Using and Producing a Control Chart in R for Statistical Process Control – An Application in Analytical Chemistry
August 2, 2015 6 Comments
Many processes in chemistry, especially in synthesis, require attaining a certain target value for a property of interest. For example, when synthesizing drug capsules that contain a medicine, a chemist has to ensure that the concentration of the medicine meets a target value. If the concentration is too high or too low, then the patient ingesting the drug capsules could suffer catastrophic health problems. Thus, monitoring this attainment is a very important part of analytical chemistry.
Of course, natural variation in any chemical process will result in some variation in the output, so the target value will rarely be attained exactly. There is usually an acceptable range of values, but any deviation of the output beyond this acceptable range must be discovered and treated with alarm, as the underlying process for generating that output may be inherently faulty. The process should be stopped, examined, and repaired before any more output can be generated. From a statistical perspective, there needs to be some mechanism to monitor for outliers as the process unfolds.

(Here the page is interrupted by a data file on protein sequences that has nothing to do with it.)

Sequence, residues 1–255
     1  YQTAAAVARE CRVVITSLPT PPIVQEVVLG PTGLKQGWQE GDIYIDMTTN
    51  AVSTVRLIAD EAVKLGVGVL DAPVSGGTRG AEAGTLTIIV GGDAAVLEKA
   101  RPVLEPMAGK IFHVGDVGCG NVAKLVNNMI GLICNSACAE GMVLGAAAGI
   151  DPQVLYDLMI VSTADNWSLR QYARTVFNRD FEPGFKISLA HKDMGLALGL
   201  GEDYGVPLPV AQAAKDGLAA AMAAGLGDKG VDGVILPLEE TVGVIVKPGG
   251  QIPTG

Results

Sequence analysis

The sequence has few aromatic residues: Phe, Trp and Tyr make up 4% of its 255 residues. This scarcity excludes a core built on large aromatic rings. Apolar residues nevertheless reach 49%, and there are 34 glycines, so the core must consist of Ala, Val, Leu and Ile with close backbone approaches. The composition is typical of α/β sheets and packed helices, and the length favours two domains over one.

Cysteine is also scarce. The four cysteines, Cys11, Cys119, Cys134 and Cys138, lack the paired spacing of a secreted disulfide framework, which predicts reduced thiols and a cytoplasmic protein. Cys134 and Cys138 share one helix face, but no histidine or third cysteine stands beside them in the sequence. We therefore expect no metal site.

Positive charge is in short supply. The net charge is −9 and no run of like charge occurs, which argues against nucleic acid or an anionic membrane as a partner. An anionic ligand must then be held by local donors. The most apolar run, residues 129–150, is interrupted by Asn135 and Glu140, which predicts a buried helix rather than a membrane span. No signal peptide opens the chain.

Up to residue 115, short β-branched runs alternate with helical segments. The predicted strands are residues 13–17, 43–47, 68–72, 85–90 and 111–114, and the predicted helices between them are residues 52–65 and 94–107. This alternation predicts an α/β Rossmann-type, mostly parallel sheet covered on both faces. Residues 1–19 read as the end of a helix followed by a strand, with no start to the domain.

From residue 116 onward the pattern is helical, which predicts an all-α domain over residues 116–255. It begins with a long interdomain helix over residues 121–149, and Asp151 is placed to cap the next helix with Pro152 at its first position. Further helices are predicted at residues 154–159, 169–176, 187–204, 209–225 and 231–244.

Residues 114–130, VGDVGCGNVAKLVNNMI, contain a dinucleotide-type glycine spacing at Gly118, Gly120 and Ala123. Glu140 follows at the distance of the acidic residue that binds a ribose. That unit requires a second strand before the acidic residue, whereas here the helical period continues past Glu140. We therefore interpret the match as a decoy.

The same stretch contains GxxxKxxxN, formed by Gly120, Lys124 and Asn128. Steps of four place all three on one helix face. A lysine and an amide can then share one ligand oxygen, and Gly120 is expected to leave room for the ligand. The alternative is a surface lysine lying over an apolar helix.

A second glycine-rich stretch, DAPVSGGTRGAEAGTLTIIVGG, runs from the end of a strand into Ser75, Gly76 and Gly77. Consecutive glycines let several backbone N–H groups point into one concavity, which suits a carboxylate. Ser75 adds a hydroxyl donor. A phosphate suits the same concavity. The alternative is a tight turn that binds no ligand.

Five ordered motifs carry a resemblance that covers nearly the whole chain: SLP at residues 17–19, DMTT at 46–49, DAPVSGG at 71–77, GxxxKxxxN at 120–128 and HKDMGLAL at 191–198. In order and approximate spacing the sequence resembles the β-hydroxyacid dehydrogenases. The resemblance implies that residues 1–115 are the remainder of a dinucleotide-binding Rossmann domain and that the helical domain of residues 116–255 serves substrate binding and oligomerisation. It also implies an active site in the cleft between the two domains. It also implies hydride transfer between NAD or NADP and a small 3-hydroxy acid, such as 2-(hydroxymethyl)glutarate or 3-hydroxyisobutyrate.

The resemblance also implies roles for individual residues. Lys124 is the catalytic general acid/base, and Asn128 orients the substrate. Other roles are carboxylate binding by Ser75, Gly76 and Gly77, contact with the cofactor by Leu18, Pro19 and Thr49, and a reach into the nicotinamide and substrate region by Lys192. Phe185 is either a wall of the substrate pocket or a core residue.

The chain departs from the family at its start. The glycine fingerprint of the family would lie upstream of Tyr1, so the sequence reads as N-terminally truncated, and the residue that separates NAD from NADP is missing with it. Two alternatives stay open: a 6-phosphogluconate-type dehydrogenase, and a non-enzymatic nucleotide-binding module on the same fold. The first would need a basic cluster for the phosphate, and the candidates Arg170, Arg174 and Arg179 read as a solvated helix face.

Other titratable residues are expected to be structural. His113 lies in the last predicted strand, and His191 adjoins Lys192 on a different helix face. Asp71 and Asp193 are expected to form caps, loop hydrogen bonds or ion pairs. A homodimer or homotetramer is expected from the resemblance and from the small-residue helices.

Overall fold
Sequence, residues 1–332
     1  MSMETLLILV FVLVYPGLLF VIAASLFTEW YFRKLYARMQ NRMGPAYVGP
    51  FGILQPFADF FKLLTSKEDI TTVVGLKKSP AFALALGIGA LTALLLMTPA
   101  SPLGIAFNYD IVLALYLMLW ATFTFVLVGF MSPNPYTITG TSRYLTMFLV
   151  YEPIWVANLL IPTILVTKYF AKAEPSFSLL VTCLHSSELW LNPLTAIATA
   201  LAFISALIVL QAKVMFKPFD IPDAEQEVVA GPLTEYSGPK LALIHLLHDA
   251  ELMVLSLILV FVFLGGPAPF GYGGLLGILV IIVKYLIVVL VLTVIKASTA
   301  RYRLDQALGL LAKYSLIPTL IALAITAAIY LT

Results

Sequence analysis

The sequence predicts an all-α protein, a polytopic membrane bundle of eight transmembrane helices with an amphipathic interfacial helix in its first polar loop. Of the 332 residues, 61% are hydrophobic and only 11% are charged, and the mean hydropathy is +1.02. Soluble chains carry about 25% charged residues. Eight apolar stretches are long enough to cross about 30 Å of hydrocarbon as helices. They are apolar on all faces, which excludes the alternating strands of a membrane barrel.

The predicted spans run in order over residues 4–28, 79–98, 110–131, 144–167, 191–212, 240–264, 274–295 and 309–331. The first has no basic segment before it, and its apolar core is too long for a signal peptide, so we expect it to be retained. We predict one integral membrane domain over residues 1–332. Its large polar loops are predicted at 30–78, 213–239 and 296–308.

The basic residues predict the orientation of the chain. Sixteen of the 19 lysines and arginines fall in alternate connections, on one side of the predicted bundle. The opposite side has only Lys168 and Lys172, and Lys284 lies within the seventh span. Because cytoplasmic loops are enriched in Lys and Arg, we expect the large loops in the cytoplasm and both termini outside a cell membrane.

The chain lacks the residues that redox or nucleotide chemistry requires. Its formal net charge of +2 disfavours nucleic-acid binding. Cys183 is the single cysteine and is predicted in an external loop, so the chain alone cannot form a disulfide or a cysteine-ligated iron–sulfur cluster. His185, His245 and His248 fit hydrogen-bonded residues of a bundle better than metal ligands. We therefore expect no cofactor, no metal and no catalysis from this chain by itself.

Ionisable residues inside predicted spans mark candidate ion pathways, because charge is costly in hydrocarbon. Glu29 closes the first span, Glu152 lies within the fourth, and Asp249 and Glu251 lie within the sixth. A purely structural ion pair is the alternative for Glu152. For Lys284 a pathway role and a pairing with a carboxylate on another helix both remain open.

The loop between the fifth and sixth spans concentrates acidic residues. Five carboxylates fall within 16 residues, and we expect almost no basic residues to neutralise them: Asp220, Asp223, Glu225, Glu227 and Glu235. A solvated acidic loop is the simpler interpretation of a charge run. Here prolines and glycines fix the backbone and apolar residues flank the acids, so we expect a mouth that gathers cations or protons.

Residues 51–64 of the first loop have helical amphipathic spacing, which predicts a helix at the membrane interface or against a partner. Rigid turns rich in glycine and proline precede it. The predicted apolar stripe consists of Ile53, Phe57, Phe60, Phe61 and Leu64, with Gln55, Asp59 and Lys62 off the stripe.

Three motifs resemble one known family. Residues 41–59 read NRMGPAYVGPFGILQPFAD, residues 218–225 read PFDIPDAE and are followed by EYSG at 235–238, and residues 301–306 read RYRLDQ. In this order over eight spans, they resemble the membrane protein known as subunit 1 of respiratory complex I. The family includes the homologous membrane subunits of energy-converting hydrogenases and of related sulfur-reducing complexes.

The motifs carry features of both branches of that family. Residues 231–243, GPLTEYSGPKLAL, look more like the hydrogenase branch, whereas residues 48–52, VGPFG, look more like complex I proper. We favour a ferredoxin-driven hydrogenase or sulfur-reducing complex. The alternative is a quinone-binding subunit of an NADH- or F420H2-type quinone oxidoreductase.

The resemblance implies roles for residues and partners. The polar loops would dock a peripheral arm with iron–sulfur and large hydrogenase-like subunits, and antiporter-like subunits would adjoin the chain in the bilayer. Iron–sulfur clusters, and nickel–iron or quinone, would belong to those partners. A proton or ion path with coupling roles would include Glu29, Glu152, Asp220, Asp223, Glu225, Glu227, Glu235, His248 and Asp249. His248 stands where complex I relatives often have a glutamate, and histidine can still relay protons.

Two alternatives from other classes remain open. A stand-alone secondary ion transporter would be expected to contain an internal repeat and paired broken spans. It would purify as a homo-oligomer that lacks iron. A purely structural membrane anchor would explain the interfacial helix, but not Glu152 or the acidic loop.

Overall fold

A control chart is a useful tool for monitoring chemical processes to detect outliers. In this tutorial, I will
- explain the underlying concepts of a simple but common type of control charts
- demonstrate how to produce control charts with an example data set in R
Read the rest of this blog post to learn how to build the above control chart in R!